Loss of Anti-HER-3 CD4+ T-Helper Type 1 Immunity Occurs in Breast Tumorigenesis and is Negatively Associated with Outcomes

Megan Fracol, Jashodeep Datta, Lea Lowenfeld, Shuwen Xu, Paul J. Zhang, Carla S. Fisher, Brian J. Czerniecki

Research output: Contribution to journalArticlepeer-review

12 Scopus citations

Abstract

Background: We previously demonstrated a progressive loss of the anti-human epidermal growth factor receptor 2 (HER2) CD4+ T-helper type 1 (Th1) response during HER2pos breast tumorigenesis. This loss is associated with residual disease following neoadjuvant therapy and increased risk of recurrence. In this study, we assessed the fate of anti-HER3 Th1 immunity during breast tumorigenesis. Methods: Peripheral blood from 131 subjects, including healthy donors (HDs), patients with benign breast disease (BD), ductal carcinoma in situ (DCIS) and invasive breast cancer (IBC), was collected. Interferon (IFN)-γpos immune responses to four HER3-derived major histocompatibility complex (MHC) class II promiscuous peptides were tested via enzyme-linked immunosorbent (ELISPOT) assays, and three immune response parameters were compared: anti-HER3 (i) responsivity, or proportion of subjects responding to at least one peptide; (ii) repertoire, or number of responding peptides; and (iii) cumulative response, or summed peptide response. Results: A significant decline in anti-HER3 Th1 response was observed going from HDs to IBC patients; patients with triple-negative breast cancer (TNBC) demonstrated the lowest responses. HDs had significantly higher Th1 responses versus estrogen receptor (ER)pos IBC and TNBC patients across all three immune parameters; HER2pos IBC patients displayed responses similar to HDs and BDs. Patients with recurrent breast cancer and residual disease following neoadjuvant therapy demonstrated significantly lower anti-HER3 Th1 immunity compared with patients without recurrence or with a pathologic complete response to neoadjuvant therapy. Conclusions: Anti-HER3 CD4+ Th1 responses decline during breast tumorigenesis, particularly in TNBC. Attempts to immunologically restore depressed responses in vulnerable subgroups may help mitigate recurrence.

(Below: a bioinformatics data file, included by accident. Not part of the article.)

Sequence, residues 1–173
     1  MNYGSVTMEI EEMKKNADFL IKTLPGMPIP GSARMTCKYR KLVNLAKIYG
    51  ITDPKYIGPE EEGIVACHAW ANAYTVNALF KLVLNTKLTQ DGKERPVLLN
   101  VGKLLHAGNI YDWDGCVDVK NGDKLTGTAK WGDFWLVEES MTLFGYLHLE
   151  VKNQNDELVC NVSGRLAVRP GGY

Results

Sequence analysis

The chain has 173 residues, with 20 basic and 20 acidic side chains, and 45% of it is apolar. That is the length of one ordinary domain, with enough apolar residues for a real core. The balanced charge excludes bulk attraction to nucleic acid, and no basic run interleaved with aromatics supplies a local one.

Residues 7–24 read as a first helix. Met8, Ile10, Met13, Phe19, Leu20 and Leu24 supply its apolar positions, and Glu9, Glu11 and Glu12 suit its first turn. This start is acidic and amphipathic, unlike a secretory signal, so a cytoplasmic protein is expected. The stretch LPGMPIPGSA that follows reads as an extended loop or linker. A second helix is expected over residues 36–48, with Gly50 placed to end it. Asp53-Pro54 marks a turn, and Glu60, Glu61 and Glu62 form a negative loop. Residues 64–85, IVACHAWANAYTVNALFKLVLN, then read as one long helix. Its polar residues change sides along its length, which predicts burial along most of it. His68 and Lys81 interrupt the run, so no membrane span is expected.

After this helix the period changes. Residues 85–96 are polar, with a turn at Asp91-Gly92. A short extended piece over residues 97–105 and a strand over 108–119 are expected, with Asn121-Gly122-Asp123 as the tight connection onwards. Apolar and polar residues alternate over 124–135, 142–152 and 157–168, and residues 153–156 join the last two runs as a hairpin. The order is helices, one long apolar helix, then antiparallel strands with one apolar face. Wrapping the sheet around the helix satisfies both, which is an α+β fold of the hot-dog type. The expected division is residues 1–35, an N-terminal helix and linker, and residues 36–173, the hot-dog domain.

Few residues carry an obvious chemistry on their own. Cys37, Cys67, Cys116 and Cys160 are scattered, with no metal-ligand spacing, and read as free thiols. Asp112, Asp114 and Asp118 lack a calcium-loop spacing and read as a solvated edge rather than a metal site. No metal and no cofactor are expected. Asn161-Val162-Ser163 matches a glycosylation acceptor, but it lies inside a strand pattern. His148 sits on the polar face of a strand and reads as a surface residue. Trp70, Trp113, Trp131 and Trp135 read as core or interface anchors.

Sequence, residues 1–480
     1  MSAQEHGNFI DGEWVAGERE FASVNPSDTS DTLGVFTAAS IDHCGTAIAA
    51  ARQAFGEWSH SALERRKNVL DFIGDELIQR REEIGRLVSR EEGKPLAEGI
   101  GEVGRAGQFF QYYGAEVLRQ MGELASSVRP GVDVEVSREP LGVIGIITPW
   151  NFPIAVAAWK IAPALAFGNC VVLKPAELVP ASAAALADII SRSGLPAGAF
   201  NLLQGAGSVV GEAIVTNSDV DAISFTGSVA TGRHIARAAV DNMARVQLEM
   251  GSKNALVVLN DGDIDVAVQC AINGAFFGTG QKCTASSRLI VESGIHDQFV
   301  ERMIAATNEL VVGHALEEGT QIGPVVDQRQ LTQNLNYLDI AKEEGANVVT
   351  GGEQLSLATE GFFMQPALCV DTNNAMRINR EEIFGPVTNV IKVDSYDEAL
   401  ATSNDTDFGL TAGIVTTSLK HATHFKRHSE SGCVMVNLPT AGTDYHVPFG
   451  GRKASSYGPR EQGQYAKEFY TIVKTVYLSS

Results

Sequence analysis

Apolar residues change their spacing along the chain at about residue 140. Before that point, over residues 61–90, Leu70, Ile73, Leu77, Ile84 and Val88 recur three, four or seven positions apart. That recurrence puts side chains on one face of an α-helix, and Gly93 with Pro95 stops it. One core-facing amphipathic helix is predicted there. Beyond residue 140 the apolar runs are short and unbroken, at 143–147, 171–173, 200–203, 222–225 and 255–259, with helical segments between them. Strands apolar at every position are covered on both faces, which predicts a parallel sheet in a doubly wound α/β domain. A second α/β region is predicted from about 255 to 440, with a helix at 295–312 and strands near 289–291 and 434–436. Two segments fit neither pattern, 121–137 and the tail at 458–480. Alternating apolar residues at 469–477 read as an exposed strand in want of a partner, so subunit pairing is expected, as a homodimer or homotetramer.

Original languageEnglish (US)
Pages (from-to)407-417
Number of pages11
JournalAnnals of Surgical Oncology
Volume24
Issue number2
DOIs
StatePublished - Feb 1 2017
Externally publishedYes

ASJC Scopus subject areas

  • Surgery
  • Oncology

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